China emphasizes biosafety controls at the same time it pushes forward the development of modern biotechnologies, said Wang Dehui, a senior official of the State Environmental Protection Administration (SEPA) yesterday in Beijing.
Biosafety measures do not hinder the development of free trade, and scientific safety assessment procedures will ensure the steady growth of bio-product business, said Wang, deputy director-general of the Department of Natural Environment Protection under SEPA.
He made the statement while chairing the opening session of the three-day UNEP-GEF International Workshop on Implementation of the National Biosafety Framework of China, which opened in Beijing yesterday.
The Global Environmental Facility (GEF), like the United Nations Environmental Programme (UNEP), is an independent financial organization that provides grants to developing countries for projects that benefit the global environment and promote sustainable modes of livelihood in local communities.
Participants are expected to hold discussions on the implementation of the National Biosafety Framework within the context of the Cartagena Protocol on Biosafety, a key international law to ensure environmentally sound and safe management of modern biotechnology.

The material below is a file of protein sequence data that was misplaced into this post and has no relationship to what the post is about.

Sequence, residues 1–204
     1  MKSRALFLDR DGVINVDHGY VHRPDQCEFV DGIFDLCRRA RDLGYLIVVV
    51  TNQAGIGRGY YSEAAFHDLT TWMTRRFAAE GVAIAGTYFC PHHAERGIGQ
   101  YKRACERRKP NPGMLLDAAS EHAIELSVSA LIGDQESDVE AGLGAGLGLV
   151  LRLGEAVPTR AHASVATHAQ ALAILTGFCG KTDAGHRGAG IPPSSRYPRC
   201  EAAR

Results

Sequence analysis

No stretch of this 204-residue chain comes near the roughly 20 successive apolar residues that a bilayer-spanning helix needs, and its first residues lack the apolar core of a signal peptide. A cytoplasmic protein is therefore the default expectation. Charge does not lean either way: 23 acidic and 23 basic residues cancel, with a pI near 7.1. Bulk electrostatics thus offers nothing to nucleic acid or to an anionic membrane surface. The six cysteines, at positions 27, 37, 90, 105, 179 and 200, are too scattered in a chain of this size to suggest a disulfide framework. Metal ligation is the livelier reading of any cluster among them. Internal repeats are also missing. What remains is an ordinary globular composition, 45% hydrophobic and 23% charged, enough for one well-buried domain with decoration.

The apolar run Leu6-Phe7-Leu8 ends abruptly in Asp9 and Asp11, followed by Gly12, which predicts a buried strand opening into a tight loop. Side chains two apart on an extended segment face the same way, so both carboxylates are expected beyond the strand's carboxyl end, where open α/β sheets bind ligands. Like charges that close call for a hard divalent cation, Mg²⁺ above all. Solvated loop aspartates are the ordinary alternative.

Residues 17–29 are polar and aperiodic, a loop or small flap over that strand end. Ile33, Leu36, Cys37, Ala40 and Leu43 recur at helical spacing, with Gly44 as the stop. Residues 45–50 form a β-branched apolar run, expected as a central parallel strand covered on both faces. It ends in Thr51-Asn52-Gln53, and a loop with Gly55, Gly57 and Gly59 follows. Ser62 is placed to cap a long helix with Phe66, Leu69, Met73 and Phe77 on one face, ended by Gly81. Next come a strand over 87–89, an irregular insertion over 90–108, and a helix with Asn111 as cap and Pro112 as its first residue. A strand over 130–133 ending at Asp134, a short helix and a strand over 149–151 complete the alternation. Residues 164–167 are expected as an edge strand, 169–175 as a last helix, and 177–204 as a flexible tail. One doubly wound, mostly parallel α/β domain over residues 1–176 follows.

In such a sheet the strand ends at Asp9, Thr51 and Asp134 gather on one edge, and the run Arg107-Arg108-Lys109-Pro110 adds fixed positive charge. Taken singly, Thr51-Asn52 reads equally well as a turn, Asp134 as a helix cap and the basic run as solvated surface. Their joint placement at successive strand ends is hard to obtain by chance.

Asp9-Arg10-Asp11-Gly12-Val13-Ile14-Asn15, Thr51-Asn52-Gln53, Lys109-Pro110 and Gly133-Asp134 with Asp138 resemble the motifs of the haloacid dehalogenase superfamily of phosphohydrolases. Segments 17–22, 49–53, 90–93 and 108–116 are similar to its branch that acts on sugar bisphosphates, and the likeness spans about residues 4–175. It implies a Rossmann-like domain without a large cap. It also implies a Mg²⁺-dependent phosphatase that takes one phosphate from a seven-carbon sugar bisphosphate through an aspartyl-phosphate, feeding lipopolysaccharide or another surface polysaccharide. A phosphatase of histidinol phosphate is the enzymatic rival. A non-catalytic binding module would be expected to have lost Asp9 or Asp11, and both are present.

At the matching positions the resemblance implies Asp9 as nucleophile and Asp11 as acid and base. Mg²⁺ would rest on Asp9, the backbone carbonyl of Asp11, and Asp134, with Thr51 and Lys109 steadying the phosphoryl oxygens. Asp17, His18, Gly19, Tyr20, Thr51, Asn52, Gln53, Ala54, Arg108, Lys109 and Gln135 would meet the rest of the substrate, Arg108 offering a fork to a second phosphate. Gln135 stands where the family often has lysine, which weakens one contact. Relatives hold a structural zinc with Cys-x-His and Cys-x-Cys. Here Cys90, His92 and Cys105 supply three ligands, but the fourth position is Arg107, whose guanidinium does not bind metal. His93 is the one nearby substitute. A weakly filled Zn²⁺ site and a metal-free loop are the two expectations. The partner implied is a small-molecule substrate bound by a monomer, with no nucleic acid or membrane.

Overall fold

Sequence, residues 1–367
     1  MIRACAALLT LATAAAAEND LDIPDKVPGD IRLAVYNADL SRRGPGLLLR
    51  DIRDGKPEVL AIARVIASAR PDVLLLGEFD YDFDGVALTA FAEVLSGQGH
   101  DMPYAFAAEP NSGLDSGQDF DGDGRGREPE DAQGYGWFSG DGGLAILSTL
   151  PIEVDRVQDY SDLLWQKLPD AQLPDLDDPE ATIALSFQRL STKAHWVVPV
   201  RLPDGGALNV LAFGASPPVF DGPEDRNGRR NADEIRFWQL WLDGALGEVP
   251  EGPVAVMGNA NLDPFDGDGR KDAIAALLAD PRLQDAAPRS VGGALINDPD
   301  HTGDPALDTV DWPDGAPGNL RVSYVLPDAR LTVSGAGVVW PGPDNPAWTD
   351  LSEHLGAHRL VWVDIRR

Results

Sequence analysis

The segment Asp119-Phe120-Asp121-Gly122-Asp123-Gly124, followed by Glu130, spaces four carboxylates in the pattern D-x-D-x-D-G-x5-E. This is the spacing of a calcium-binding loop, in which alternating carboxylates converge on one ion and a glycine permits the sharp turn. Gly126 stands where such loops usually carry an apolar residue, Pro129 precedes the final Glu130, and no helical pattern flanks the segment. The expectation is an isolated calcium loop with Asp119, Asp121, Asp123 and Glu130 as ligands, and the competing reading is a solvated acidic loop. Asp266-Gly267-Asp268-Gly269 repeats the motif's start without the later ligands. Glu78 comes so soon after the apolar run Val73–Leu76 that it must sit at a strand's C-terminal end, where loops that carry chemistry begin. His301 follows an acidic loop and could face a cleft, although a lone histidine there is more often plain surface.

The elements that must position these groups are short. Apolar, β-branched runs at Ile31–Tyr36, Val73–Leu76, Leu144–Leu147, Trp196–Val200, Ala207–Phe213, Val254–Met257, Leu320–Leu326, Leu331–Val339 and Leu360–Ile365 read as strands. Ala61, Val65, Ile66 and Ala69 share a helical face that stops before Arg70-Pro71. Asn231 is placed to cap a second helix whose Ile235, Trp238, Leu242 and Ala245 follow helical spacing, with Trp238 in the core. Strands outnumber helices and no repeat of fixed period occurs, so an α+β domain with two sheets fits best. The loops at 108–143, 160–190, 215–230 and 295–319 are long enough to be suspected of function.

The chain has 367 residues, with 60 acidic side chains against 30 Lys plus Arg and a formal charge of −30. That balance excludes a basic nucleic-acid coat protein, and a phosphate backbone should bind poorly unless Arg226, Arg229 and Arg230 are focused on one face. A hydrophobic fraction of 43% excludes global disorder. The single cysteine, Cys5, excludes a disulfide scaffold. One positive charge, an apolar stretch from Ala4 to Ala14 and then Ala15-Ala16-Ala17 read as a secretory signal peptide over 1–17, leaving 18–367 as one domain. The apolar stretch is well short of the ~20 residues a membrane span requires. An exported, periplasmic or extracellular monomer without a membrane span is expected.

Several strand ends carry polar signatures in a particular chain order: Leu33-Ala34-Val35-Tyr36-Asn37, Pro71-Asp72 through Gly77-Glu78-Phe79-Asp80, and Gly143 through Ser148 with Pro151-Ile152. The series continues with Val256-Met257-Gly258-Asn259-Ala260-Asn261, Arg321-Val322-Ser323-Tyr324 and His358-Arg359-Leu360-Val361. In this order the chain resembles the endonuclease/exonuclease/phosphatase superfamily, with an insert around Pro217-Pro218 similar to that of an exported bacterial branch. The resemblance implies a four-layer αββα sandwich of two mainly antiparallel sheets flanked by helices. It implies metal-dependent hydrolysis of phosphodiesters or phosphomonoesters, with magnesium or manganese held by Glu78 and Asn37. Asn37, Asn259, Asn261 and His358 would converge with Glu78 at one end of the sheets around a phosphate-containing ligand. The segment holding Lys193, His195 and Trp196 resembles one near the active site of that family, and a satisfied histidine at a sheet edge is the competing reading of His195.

The protocol, which became a legally binding international law on September 11, is a document that sets out a comprehensive regulatory system for ensuring the safe transfer, handling and use of genetically modified organisms (GMOs) across national borders.
Wang said that his administration is formulating policies, laws and regulations in collaboration with 10 other governmental departments including the ministries of foreign affairs, science and technology and agriculture.
Progress in some fields has been made, he added.
Dr Xue Dayuan, chief of the Expert Group for the China National Biosafety Framework Implementation Project, said when briefing the symposium on the country's implementation of the project that a draft edition of a Biosafety Law had been formulated and analysis reports on the impact of GMOs on the environment, economy and human health had been completed.
The assessment of the present status of GMOs is expected to be completed by the end of this year and technical guidelines on biosafety are expected to be finished in the first half of next year, while the information clearing house should be set up by the end of next year, he said.
(China Daily October 29, 2003)